A quarter-century after Lee Sankowich helped lift the curtain on "One Flew Over the Cuckoo's Nest" in theaters from San Francisco to Tel Aviv, he is bringing the powerful drama about a mental institution to a Marin stage.
It was in 1970 that Sankowich directed the Dale Wasserman play based on Ken Kesey's novel at San Francisco's Little Fox Theatre — and the show ran for a record-breaking five years.
He eventually brought "Cuckoo's Nest" to New York, where such actors as Danny DeVito, William Devane and Olympia Dukakis starred in the production. The Academy Award-winning film version of the play, with Jack Nicholson as rogue inmate Randall P. McMurphy, soon followed.
But as Sankowich revives "Cuckoo's Nest" for a limited five-week run by the Marin Theatre Company, he says the Hebrew version he directed with Tel Aviv's Bimot Productions in 1972 is among his favorites.
"Of all the productions I've done, it was the most memorable," he says.
Among scenes from Israel that stay with him: the day the Israeli troupe performed the play at an Israeli mental hospital.
"It was at the end of the day and the beginning of the night shift, and the day nurse said to us, `The night nurse is Nurse Ratched.' Then the night nurse said to us, `The day nurse is Nurse Ratched.'"
One member of the mental institution audience Sankowich recalls was the patient who had been found in the middle of the Sinai Desert, his wrists slashed. He believed the Soviets were replacing all Israelis with clones.
Sankowich tasted the real-life insanity of Middle East politics as well. As his Israeli troupe rehearsed, terrorists seized a passenger-filled jetliner at what was then Lod Airport. News filtered back to the actors as Israeli soldiers stormed the plane dressed as mechanics in a dramatic, and bloody, rescue.
"Cuckoo's Nest" itself explores the meaning of sanity and personal freedom, and Sankowich recalls that the Israeli actors "had no problem diving right into it."
The ensemble drama tells about survival in a hostile world, a mental institution tyrannized by the head nurse and an obedient, cruel staff. While the theme may not be overtly Jewish, Sankowich feels it offers themes that resonate with Jews.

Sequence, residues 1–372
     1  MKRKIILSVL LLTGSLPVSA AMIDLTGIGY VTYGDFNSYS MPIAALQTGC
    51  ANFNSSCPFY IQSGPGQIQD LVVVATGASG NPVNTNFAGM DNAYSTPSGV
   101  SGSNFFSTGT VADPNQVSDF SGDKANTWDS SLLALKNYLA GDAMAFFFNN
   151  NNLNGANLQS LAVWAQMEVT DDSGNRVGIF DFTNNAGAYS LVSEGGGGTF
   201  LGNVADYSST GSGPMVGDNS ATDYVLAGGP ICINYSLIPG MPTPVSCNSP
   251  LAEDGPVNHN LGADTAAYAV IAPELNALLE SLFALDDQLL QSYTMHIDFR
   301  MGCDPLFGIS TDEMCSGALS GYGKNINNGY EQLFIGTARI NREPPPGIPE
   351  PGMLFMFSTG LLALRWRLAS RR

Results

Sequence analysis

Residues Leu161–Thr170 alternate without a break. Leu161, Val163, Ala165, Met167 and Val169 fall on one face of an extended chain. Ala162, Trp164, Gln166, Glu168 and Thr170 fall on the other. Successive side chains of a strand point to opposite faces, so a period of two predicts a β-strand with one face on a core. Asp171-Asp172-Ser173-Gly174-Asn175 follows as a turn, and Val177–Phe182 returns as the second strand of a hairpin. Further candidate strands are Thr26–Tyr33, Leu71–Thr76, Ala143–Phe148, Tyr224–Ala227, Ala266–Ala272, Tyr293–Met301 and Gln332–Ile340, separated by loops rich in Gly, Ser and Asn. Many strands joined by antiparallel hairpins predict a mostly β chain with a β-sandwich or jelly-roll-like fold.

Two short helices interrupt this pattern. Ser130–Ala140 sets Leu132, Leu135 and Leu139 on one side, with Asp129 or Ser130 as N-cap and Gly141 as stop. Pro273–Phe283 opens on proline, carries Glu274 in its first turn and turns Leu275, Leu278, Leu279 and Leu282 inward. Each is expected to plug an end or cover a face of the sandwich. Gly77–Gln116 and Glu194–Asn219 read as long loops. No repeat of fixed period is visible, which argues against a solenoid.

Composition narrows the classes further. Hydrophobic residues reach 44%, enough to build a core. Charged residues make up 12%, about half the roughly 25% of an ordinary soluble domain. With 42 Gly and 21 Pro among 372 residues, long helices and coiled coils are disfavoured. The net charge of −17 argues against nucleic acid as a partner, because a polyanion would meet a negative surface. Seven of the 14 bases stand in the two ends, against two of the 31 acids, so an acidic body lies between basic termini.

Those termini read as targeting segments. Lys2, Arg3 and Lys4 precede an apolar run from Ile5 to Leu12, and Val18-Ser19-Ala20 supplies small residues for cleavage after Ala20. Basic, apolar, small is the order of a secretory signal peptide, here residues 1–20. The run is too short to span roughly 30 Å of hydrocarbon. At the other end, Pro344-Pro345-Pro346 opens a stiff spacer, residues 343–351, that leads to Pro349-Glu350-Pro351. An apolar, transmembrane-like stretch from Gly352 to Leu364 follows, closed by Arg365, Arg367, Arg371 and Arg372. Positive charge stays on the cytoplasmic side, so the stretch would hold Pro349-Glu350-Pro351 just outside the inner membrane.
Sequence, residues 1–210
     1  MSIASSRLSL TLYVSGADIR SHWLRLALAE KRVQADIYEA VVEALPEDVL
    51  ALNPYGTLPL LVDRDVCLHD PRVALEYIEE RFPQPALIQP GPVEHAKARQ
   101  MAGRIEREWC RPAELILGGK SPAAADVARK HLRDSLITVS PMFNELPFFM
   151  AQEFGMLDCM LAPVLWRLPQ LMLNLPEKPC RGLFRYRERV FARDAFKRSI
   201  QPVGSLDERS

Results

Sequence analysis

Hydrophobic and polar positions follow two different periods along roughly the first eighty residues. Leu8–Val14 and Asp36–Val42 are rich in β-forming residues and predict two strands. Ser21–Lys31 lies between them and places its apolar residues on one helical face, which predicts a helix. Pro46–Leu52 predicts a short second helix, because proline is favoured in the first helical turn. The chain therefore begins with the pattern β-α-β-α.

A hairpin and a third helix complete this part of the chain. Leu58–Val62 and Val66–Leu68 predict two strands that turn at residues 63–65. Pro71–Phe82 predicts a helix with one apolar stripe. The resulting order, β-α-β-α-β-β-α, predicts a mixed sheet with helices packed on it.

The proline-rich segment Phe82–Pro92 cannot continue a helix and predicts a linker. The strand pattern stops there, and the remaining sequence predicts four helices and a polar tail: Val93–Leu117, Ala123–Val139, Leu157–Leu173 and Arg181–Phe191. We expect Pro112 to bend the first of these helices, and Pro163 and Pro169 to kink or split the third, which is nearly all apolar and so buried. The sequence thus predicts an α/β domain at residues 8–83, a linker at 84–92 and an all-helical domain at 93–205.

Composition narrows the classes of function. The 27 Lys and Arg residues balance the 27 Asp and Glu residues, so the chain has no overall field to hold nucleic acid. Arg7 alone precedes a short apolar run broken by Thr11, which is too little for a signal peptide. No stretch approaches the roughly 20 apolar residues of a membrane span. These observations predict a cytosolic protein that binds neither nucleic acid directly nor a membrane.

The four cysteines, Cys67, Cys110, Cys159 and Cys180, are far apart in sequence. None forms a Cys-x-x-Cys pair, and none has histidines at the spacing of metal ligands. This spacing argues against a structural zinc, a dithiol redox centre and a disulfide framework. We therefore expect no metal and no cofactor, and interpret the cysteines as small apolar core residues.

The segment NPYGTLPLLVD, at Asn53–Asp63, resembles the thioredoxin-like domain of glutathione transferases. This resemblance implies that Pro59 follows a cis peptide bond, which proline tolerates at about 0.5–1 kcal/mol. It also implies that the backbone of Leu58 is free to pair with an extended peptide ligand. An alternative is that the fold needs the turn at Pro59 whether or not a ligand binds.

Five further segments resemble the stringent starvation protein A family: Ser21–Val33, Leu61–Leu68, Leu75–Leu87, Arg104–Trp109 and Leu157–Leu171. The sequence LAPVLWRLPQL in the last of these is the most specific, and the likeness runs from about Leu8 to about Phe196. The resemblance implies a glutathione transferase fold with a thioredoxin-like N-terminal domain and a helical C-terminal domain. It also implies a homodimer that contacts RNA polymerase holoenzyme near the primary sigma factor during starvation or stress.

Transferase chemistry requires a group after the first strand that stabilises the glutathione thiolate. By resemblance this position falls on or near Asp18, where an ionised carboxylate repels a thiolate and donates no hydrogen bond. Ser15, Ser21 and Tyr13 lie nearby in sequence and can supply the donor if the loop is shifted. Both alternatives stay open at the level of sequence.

"Nurse Ratched was right," Sankowich says. "After all, McMurphy does have a criminal record and he acts up. The play shows that any villain can support his position, can give reasons justifying his orders. And the people the villain chooses to carry out his orders are people he chooses because they have their own hatreds to exercise."
And "even though the hero McMurphy loses the battle, he wins the war," Sankowich adds. For while McMurphy becomes a victim, he shows others how to be free.
"If there's a Jewish theme in the play, it's that. We can read into it that it reaffirms the importance of who we are as Jewish people, how important it is in dealing with assimilation. Heritage has to be preserved.
"By presenting modern plays our values can be examined — how much we've strayed, how much we've kept of our values."
Sankowich has kept his Jewish identity intact. He was raised in a Conservative Jewish San Francisco household, had his bar mitzvah at Congregation Beth Sholom. After graduating from Lowell High School, he attended San Francisco State University and University of Southern California, led companies in Los Angeles and Pittsburgh, where he also taught theater at Carnegie Mellon University.
He has raised two daughters (now in their teens and 20s) as Jews, and says he would "love" to show them Israel. "Now would be the time," he says.
In 1990 he returned to the Bay Area, where he joined the Marin Theatre Company. He mounts this production of "Cuckoo's Nest" with mixed feelings. "At first, I thought, `Oh, no, I can't face it again,'" he says. "But so much has happened, I've learned so much since those days" 25 years ago "that I find there is a lot more going on in that play than I was aware of then."